The decision (E/CN.17/1996/L.10) urges governments and international organizations to share experiences in capacity-building, and encourages further work in carrying out action- and problem-oriented research on capacity-building issues in priority areas.

INTEGRATING ENVIRONMENT AND DEVELOPMENT IN DECISION- MAKING: Delegates referred to the Secretary-General’s report (E/CN.17/1996/11 and Add.1) during general debate on this issue. The EU called for market-based instruments, environmental dimensions of law making, raising public awareness, and enhanced international action.

During discussion on the draft decision, the G-77/CHINA changed the paragraph calling for governments to continue efforts to establish mechanisms and develop strategies for sustainable development. Their proposal recognized that the responsibility for change lies with national governments and encourages efforts to establish national mechanisms and develop participatory strategies for economic growth and sustainable development. The US said that “economic growth in the context of sustainable development” would be acceptable. Delegates agreed to encourage development of strategies for “sustainable development, including economic, social and environmental aspects of growth.” SAUDI ARABIA bracketed “NGOs” in the paragraph calling for actors to support national activities to implement Agenda 21. The final text calls on UN bodies and, as appropriate, major group organizations, to place a high priority on actions aimed at implementing Agenda 21. The EU, supported by the G-77/CHINA, presented a new paragraph encouraging integrated environmental and economic accounting for sustainable development.

The decision (E/CN.17/1996/L.11) notes that the responsibility for bringing about changes aimed at integrating environment and development in decision-making lies with national governments. It also: requests UN organizations to support governments’ efforts; calls on governments to review, as appropriate, their national legislation; and notes the work on integrated environmental and economic accounting being undertaken by the Statistics Division of the UN Secretariat.

INFORMATION FOR DECISION-MAKING: Delegates referred to the Secretary- General’s report (E/CN.17/1996/18 and Add.1) during general debate on this issue. JAPAN described a workshop on indicators of sustainable development (ISD). The Workshop identified gaps, including guidance on sub-national data, including institutional indicators for capacity building and key indicators for national decision-making. GERMANY presented the report of the Scientific Workshop on Indicators of Sustainable Development, held 15-17 November 1995 in Wuppertal, Germany. She stated that policy makers cannot wait for a perfect ISD system and called for testing of ISDs on a voluntary basis.

During discussion of the draft decision, the G-77/CHINA requested the ECOSOC working group on the need to harmonize and improve UN information systems to give particular attention to facilitating access by UN member States to environmental databases throughout the UN system. The US proposed noting that work be “within existing resources.” Delegates agreed to adopt indicators, “as appropriate.”

The decision (E/CN.17/1996/L.12) takes note of the progress made in the implementation of the work programme on indicators of sustainable development, invites governments to test, develop and use the indicators, and requests the ECOSOC working group on informatics to give attention to facilitating access of member States.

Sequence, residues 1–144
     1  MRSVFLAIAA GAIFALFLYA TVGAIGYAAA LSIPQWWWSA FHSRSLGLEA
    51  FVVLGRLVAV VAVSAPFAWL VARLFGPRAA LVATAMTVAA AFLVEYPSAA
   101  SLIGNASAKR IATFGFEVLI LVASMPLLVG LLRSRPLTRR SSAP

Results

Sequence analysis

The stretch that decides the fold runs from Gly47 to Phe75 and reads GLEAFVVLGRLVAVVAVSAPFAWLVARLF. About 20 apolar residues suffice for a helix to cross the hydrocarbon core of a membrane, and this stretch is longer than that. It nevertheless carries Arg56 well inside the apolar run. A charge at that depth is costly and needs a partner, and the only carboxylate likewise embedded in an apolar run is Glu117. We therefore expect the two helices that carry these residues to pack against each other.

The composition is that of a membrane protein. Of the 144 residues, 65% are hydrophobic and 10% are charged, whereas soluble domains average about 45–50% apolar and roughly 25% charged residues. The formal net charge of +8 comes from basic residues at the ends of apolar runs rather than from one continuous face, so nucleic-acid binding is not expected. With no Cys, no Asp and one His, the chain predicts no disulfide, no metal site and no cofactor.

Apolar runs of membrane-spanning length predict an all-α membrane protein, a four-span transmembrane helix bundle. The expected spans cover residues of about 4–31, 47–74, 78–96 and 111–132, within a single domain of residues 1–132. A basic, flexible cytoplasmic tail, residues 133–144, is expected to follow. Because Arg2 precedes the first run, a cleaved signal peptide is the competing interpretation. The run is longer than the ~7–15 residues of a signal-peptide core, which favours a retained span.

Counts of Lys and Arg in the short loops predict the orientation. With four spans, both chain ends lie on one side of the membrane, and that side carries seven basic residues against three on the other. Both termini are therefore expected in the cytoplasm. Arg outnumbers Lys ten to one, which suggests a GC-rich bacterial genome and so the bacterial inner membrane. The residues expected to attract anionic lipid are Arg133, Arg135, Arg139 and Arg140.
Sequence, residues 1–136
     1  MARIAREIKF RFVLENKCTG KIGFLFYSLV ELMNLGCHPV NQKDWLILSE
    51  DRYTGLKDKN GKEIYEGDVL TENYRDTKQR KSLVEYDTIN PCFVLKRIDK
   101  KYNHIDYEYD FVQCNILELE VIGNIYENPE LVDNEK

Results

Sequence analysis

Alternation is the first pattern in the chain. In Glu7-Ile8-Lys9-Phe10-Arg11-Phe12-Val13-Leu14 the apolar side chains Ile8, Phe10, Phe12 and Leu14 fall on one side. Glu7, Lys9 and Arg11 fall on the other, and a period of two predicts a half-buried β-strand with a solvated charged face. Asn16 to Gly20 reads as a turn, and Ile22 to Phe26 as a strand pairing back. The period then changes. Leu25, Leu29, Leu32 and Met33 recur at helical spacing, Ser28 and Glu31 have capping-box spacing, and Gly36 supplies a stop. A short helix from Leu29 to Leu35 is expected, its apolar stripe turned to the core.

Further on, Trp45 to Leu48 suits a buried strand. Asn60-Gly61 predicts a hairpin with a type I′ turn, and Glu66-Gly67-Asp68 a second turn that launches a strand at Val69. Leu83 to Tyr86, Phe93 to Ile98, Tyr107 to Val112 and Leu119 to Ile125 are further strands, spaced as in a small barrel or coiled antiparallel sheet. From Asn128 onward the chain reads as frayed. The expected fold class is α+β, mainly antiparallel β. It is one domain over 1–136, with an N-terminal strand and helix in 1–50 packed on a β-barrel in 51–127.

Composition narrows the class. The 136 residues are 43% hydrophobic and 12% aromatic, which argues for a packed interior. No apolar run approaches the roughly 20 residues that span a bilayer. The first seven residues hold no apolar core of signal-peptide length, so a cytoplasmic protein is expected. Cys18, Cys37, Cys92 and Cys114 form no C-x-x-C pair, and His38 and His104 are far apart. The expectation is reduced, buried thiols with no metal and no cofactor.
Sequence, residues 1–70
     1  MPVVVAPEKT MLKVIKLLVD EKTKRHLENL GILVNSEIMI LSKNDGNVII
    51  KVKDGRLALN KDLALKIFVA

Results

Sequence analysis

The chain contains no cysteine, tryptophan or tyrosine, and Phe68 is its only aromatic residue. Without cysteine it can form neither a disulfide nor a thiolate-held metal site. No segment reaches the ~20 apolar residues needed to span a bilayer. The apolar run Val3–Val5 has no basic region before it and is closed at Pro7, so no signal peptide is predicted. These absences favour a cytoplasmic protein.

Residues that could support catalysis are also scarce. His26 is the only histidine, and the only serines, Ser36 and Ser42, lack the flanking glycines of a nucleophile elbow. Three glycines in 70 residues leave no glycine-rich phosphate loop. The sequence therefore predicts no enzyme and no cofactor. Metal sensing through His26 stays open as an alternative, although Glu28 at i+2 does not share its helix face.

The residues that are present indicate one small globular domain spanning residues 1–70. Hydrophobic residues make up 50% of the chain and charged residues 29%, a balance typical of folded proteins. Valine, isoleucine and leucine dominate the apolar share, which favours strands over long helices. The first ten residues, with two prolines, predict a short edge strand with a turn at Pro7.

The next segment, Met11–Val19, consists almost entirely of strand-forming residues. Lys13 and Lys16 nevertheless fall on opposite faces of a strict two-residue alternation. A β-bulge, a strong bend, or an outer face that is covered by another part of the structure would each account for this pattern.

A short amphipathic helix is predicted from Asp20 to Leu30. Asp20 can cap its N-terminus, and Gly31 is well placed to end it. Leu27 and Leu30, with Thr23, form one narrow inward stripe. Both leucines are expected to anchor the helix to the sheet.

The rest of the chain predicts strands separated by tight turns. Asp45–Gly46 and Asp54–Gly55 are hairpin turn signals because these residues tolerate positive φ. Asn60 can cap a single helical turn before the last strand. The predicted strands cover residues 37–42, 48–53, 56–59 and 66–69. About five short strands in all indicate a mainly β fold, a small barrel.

INFORMATION PROVIDED BY GOVERNMENTS AND ORGANIZATIONS: During discussion of the draft decision, which was based on the Secretary-General’s report (E/CN.17/1996/19), the EU proposed new paragraphs regarding consultation on reporting to future sessions of the CSD, taking account of ISDs, and streamlining reporting requirements. CANADA cautioned that a distinction must be drawn between CSD-related reporting and treaty-based obligations, including the Rio conventions. The EU proposed deleting the sentence noting the intention of several donors to consider requests for assistance favorably, but the G-77/CHINA objected. BRAZIL suggested that proposals for reporting to future sessions take into account, “among other elements,” the work on indicators.

The final decision (E/CN.17/1996/L.6) requests: organizations and donors to assist in providing technical and financial assistance to help developing countries with national strategies, Agenda 21 action plans and reports; and the Secretary-General and interested States to provide CSD-5 with proposals for streamlining national reporting on sustainable development, given the growing number of reporting requirements.

INTERNATIONAL LEGAL INSTRUMENTS AND MECHANISMS: Delegates referred to the Secretary-General’s report (E/CN.17/1996/17 and Add.1) and during general debate on this issue. During discussion on the draft decision, the US expressed reservations about references to “principles” of international law. The EU proposed paragraphs recognizing the administrative burden on developing countries and the importance of major group participation. CANADA introduced paragraphs on compliance and monitoring, and dispute resolution. The EU deleted a paragraph calling on the DPCSD to study the issues raised by the Report of the Expert Group on Identification of Principles of International Law for Sustainable Development. The US proposed that governments “consider, as appropriate,” rather than “take into account,” this report.

The decision (E/CN.17/1996/L.13) notes that the Commission: considers flexible approaches as important in international law-making; emphasizes the necessity of further exploring mechanisms for dispute settlement or avoidance; urges the international community to continue to develop procedures and mechanisms that promote informed decisions; and recommends the exploration of more effective participation of major groups in the elaboration of international legal instruments.